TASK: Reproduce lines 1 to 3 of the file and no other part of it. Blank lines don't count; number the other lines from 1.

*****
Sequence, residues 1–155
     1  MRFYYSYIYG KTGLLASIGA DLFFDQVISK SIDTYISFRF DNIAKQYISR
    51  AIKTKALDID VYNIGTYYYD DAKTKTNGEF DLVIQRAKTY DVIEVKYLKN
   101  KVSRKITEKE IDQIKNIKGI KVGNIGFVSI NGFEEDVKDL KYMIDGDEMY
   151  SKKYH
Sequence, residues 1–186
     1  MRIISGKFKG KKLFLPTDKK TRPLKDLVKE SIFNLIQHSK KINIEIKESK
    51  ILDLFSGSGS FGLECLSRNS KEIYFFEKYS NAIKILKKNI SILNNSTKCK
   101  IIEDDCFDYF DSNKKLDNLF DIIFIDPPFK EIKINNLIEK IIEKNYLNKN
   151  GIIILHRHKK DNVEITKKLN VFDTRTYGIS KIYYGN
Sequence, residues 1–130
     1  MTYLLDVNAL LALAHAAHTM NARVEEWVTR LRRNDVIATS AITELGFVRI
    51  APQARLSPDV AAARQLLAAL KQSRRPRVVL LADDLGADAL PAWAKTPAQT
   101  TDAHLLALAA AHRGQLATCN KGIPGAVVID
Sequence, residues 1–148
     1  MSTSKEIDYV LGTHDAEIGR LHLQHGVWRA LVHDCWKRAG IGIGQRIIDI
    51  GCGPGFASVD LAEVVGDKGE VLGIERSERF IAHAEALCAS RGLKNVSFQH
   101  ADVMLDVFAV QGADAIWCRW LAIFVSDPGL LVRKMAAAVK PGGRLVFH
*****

Sequence, residues 1–155
     1  MRFYYSYIYG KTGLLASIGA DLFFDQVISK SIDTYISFRF DNIAKQYISR
    51  AIKTKALDID VYNIGTYYYD DAKTKTNGEF DLVIQRAKTY DVIEVKYLKN